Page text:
The first result of complying with the Initial Planning section of the standard would be a go/no-go decision on using PAM.  If a “go” decision is obtained, then the reward resulting from all the time spent by the standard on the planning phase will be greater flexibility and simplicity in defining requirements for hardware, software, and operations.

 

13 thoughts on “Initial Planning”

  1. (from Stanley Labak, BOEM):
    “Before a ship even leaves a dock, before any items are shipped, and before anyone is hired, a fundamental decision needs to be made whether PAM is even appropriate for the task at hand, and if so what the fundamental performance requirements of the system must be. ”

    I understand the tone that you are trying to get across here, but the fundamental decision may (and probably does) need some data provided by someone hired to plan the activity. You may want to define “hired” for what? And, realistically, those hired may do both the initial planning and overall execution so the wording is tricky.

  2. (from Stanley Labak, BOEM)
    “Establishing estimates of the expected “self” noise spectra of the towing vessel and other expected contributing sources (e.g., other vessels or sources which may be acting in concert with the PAM vessel), which may vary with time or operational state of the tow or support vessels”…
    I
    believe you are talking about the masking of the animal’s signal as received by the towed array here, but others may confuse it with masking at the animal.

  3. (from Stanley Labak, BOEM)

    “This step may need to be divided into situations where the PAM organization is required to use a certain platform, and where the organization can select its own platform. In some cases, a sound profile of the deployment platform may be required. In other cases, reference resources for certain size and classes of vessels should be used. ”

    I am a little confused on what you mean here. What I think you are saying is that there may be multiple ways, including different vessels or arrays to use for PAM and that each configuration should/needs to be checked to see what provides the best PAM coverage.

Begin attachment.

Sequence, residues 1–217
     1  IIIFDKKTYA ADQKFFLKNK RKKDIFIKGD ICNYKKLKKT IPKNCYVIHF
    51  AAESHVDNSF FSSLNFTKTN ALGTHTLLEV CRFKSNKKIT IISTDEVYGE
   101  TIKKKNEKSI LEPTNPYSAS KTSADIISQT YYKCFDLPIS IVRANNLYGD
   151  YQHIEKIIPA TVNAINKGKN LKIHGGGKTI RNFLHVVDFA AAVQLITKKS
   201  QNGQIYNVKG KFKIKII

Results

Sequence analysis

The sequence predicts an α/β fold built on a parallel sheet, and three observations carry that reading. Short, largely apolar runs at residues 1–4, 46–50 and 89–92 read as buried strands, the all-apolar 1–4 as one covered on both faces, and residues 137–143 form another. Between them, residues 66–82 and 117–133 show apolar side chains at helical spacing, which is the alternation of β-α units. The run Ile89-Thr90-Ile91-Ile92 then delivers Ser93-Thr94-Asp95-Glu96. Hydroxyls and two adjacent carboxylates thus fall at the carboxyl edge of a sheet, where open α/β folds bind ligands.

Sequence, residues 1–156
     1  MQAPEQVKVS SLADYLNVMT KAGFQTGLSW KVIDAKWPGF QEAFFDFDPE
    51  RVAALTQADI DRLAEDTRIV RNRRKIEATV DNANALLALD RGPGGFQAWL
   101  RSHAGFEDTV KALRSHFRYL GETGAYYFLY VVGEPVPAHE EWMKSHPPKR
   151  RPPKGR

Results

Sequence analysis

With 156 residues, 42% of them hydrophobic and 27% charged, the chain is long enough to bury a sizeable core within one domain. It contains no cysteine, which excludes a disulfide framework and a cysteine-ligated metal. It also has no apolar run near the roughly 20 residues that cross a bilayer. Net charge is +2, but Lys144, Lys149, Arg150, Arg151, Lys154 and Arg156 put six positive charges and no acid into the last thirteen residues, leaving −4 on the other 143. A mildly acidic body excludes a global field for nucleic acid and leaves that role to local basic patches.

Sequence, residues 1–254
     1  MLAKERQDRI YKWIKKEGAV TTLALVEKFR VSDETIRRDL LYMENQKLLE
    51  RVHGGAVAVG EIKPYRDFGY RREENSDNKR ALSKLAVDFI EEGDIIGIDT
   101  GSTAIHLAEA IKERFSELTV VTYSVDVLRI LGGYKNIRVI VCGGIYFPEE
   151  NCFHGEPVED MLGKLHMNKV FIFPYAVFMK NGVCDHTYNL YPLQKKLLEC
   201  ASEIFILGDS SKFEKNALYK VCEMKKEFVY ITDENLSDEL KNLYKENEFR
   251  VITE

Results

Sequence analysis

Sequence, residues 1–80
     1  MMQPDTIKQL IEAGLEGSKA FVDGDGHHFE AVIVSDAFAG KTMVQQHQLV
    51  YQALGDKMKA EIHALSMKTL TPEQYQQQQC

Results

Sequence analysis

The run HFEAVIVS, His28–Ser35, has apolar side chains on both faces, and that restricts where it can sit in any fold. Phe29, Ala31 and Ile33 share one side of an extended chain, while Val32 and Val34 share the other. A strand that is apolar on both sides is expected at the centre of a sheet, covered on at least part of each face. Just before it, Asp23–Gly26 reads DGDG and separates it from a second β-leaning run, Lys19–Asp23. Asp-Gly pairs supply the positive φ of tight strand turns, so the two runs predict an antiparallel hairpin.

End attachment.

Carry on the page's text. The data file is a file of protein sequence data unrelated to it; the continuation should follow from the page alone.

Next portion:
4. (from Stanley Labak, BOEM)

    “Setting signal-to-noise ratios (SNR) [SJL9] or other detection threshold criteria for various categories of sounds. For example, one set of SNR values might be provided situations where a human would be reviewing a scrolling spectrogram, while another SNR value might be provided for the case where an automated detector is monitoring the system.”

    1. It may be a relatively simple matter to establish minimum SNRs to ensure certain and clean PAM detections, but this raises the issues of probability of detect, false alarm rates and essentially ROC curves for these “systems”. These are much more complex and difficult subjects, especially for PAM systems which in my mind are just “riding” on other systems which may (and probably do) have entirely different objectives. For example, a streamer array may be positioned vertically in the water column to optimize seismic reception, but that is probably not the best location for shallow dolphins, deep sperm whales, and animals that are in between these two extremes. This issue also extends to into many other practical considerations like array hydrophone spacing, which if it is optimized for receipt of say 200 Hz seismic signals, certainly is not optimized for a 20 kHz dolphin whistle. So what is the SNR for PAM in this case? Does the operator really have a good handle on his beam patterns, beam noise levels, etc. Can he even solve the right/left bearing ambiguity issue if he is only using a single streamer of a multiple streamer tow? If a PAM system is subsampling a larger array, how and who decided which hydrophones to use and what is the PAM “array’s” gain?

  5. (from Stanley Labak, BOEM)

    “In addition to these six items, the standard will assume that a minimum detection range has been independently specified. There are three reasons why the current standard would not tackle the topic of how to determine a minimum detection range…”

    I am not sure that this discussion is correct, or I am really missing the point. To me, the minimum detection range of a PAM system is not driven by an animal’s sensitivity, but by the source level of its transmitted signal (along with TL, the ambient noise, and the SNR needed to detect signal against background). I don’t see how a minimum detection range could be independently specified, except in the crudest/roughest way, without specific knowledge of the PAM system, the whale’s signal, and the ambient environment they are operating in. I can understand that Regulators or industry may have specified minimum ranges that represent when an airgun’s transmissions must be shut down (if an animal enters within that range), but that is not a PAM range. They just how PAM will cover out to that and more.

  6. (from Stanley Labak, BOEM)

    “Once this research phase has been completed, the standard will then describe procedures and models (e.g. the sonar equation, standard acoustic propagation models) for determining whether the required detection range can be reasonably obtained for the species required and under the conditions expected”